A list of all courses offered by the UC San Diego Physics Department can be found here.
I am currently teaching Physics 13, Life in the Universe. This course is an interdisciplinary course on astrobiology for non-majors. We cover topics related to the formation and evolution of life on Earth, and how that relates to the possibility of life elsewhere in the galaxy. This course was last offered in Fall 2020.
I am currently teaching Physics 164, Observational Astrophysics Lab. This is an upper division laboratory course for physics majors, but is frequently taken by students in other departments, such as engineering or math. This course covers observational techniques for astronomy, with a focus on optical wavelengths of light. Topics covered include photon statistics, spectroscopy, and astrometry. We use the Nickel Telescope at Lick Observatory in remote observing mode to gather data for the lab projects. This class was last offered in Fall 2020.
I have previously taught Physics 223, Stellar Structure and Evolution. This is a graduate-level course on the physics of stars, including both their interiors and atmospheres. The class focuses on our theoretical understanding of stellar properties, with an eye toward practical application including basic stellar modeling. Reviews of current literature on stellar physics is a significant part of the class.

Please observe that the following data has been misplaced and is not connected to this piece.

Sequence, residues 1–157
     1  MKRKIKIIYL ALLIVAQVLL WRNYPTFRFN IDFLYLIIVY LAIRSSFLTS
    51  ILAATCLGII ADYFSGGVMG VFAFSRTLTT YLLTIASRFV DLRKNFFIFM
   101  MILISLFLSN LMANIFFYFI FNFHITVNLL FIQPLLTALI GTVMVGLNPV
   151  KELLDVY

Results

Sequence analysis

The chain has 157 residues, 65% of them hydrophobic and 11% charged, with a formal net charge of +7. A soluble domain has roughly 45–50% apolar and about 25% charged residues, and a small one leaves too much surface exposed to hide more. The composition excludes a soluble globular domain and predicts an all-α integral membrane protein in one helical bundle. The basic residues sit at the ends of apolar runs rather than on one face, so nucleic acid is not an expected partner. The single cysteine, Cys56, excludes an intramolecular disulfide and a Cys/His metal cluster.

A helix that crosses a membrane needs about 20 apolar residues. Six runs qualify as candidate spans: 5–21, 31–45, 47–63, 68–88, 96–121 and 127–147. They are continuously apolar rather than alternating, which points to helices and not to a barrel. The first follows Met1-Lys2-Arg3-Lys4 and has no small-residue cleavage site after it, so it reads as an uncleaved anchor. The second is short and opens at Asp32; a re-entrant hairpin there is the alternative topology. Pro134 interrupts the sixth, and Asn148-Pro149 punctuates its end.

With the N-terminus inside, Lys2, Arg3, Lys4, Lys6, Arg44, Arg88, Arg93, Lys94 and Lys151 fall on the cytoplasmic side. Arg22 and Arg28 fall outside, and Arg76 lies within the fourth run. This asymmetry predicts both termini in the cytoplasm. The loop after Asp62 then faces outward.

I have previously taught Physics 9, The Solar System. This course is designed for non-majors (though majors are definitely welcome!), and introduces the basic properties of the objects in the Solar System. Topics include the Sun, terrestrial and giant planets, satellites, asteroids, comets, dwarf planets and the Kuiper Belt, exoplanets, and the formation of planetary systems.
I have previously Physics 160, Stellar Astrophysics. This is an upper division course designed for physics and engineering majors. Topics include observational properties of stars, solar physics, radiation and energy transport in stars, stellar spectroscopy, nuclear processes in stars, stellar structure and evolution, degenerate matter and compact stellar objects, supernovae and nucleosynthesis.